Not that West Seattleites need incentive to recycle – just look at the success of local dropoff events – but if you join in an upcoming “competition,” you might just help our peninsula win bragging rights. The Seattle Public Library and Call2Recycle will have battery-collection boxes in place for five days at six libraries around the city, from June 22nd (this Saturday) through June 26th, including the West Seattle (Admiral) Branch at 2306 42nd SW. Two days after the collection period ends, Call2Recycle will weigh the six neighborhoods’ contributions, and declare the “winner” Seattle’s Greenest Neighborhood. Here’s what they’ll accept:
Drop off all types of household batteries (weighing up to 11 pounds each), including both single-use batteries and rechargeable batteries commonly found in laptops and digital cameras. Obsolete cellphones can also be dropped off at the libraries for recycling.
The recovered materials, according to Call2Recycle, will be “used to create new batteries, concrete additives and a variety of stainless steel products.” (The organization’s website says it’s a nonprofit “funded by battery and product manufacturers committed to responsible recycling.”) There’s even more info online here.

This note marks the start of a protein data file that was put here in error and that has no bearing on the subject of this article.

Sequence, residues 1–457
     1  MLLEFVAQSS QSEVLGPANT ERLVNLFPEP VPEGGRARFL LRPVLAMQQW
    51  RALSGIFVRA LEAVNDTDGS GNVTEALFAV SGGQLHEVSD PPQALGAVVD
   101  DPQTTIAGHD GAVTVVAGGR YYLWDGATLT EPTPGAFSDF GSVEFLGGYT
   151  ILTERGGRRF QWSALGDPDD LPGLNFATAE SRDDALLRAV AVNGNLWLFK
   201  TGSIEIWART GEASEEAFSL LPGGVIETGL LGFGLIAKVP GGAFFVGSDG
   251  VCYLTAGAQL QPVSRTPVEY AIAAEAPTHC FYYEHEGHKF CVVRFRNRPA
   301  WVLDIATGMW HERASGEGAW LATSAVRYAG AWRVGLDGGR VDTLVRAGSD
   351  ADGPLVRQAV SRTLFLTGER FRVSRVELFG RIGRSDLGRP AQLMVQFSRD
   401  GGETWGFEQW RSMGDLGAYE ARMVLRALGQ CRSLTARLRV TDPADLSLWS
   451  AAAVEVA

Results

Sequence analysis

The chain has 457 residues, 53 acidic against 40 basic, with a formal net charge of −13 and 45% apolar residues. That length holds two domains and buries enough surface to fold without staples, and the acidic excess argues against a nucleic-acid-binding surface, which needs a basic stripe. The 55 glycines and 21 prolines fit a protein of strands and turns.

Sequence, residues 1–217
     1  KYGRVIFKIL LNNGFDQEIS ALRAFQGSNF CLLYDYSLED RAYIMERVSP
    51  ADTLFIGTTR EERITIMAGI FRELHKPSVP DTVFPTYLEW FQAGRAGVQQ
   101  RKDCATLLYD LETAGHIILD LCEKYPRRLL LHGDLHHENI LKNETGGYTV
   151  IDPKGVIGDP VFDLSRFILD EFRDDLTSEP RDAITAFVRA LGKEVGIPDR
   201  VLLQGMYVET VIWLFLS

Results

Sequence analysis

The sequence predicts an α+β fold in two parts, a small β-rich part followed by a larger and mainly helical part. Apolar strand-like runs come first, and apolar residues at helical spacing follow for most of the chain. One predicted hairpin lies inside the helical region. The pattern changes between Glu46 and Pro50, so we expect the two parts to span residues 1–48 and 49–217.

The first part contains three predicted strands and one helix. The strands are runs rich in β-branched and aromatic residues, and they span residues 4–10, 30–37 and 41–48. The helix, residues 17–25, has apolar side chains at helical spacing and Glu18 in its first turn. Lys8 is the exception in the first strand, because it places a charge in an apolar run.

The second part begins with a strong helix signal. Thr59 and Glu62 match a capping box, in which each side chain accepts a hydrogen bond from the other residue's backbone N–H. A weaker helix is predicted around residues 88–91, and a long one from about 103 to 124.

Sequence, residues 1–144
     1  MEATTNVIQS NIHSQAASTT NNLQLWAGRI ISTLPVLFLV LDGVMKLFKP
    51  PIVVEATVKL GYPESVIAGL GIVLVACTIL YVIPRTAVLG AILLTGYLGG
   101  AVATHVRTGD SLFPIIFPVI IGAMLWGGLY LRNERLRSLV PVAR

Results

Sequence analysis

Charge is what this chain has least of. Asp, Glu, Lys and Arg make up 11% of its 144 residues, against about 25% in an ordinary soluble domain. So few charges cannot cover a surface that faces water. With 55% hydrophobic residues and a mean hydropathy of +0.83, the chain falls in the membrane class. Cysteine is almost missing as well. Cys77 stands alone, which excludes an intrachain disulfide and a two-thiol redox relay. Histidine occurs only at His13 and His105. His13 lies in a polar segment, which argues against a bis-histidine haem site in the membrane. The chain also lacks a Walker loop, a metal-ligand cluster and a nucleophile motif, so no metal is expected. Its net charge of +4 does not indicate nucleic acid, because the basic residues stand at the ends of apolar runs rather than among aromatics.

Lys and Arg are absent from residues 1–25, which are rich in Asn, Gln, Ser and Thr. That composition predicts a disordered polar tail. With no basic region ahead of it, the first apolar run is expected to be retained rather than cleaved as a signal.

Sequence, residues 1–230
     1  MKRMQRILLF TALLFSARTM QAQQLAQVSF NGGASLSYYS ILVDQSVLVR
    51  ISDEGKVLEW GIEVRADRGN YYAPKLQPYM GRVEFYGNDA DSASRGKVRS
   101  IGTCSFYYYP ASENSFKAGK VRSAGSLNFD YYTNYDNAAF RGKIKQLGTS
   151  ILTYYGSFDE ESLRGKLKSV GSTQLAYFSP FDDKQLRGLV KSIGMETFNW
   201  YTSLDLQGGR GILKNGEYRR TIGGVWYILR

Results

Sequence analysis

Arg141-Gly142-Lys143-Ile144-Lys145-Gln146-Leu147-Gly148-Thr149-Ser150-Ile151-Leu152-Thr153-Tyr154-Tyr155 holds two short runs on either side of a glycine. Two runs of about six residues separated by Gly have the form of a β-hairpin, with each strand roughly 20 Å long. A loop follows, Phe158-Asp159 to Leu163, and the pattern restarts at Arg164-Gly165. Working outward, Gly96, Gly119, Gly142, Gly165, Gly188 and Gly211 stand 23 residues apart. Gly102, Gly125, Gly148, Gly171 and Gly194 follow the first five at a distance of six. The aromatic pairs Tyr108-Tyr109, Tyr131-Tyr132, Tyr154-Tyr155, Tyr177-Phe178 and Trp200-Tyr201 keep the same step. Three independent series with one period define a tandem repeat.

Followup: $ for 47th/Admiral signal, Fauntleroy ‘green boulevard’ design advance in council committeeJune 19, 2013 at 11:37 am | In Transportation, Triangle, West Seattle news | 5 Comments
(WSB photo looking east toward 47th/Admiral, 2011)
City money for a full traffic signal at 47th/Admiral just advanced one step closer to reality, after the City Council’s Government Performance and Finance Committee voted to send a package of midyear budget changes to the full council. We reported Tuesday on the council’s decision to go for the full half-million-dollar signal, which neighborhood advocates have requested for years. No councilmembers voiced opposition.
Immediately after that signal was discussed, another six-digit West Seattle item popped up – another $200,000 for designing “Green Boulevard” changes for Fauntleroy Way through The Triangle.
(One of two “green boulevard” options shown by SDOT last year)